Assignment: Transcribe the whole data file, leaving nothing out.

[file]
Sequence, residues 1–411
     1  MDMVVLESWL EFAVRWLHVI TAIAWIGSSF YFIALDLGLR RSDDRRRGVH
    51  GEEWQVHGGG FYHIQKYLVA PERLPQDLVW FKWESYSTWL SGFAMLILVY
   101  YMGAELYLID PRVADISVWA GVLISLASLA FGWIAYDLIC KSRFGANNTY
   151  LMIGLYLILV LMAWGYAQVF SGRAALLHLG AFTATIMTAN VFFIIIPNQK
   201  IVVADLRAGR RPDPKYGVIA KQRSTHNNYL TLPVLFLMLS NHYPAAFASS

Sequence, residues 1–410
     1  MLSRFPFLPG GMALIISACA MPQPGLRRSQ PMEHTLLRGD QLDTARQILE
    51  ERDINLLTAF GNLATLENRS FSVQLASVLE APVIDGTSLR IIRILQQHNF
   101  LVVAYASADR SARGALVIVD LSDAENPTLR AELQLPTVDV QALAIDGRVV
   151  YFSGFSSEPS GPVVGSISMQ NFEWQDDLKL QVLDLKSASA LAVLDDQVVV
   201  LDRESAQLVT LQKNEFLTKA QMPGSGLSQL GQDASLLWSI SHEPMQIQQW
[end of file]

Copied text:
Sequence, residues 1–411
     1  MDMVVLESWL EFAVRWLHVI TAIAWIGSSF YFIALDLGLR RSDDRRRGVH
    51  GEEWQVHGGG FYHIQKYLVA PERLPQDLVW FKWESYSTWL SGFAMLILVY
   101  YMGAELYLID PRVADISVWA GVLISLASLA FGWIAYDLIC KSRFGANNTY
   151  LMIGLYLILV LMAWGYAQVF SGRAALLHLG AFTATIMTAN VFFIIIPNQK
   201  IVVADLRAGR RPDPKYGVIA KQRSTHNNYL TLPVLFLMLS NHYPAAFASS

Sequence, residues 1–410
     1  MLSRFPFLPG GMALIISACA MPQPGLRRSQ PMEHTLLRGD QLDTARQILE
    51  ERDINLLTAF GNLATLENRS FSVQLASVLE APVIDGTSLR IIRILQQHNF
   101  LVVAYASADR SARGALVIVD LSDAENPTLR AELQLPTVDV QALAIDGRVV
   151  YFSGFSSEPS GPVVGSISMQ NFEWQDDLKL QVLDLKSASA LAVLDDQVVV
   201  LDRESAQLVT LQKNEFLTKA QMPGSGLSQL GQDASLLWSI SHEPMQIQQW